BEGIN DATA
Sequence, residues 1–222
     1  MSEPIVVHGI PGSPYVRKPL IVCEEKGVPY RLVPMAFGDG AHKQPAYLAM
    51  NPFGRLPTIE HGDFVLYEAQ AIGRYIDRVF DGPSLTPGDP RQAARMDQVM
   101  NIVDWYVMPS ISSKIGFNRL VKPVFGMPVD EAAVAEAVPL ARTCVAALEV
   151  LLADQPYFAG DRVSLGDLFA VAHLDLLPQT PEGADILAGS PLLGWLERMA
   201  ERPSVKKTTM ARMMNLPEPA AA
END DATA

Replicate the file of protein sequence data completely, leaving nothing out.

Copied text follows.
Sequence, residues 1–222
     1  MSEPIVVHGI PGSPYVRKPL IVCEEKGVPY RLVPMAFGDG AHKQPAYLAM
    51  NPFGRLPTIE HGDFVLYEAQ AIGRYIDRVF DGPSLTPGDP RQAARMDQVM
   101  NIVDWYVMPS ISSKIGFNRL VKPVFGMPVD EAAVAEAVPL ARTCVAALEV
   151  LLADQPYFAG DRVSLGDLFA VAHLDLLPQT PEGADILAGS PLLGWLERMA
   201  ERPSVKKTTM ARMMNLPEPA AA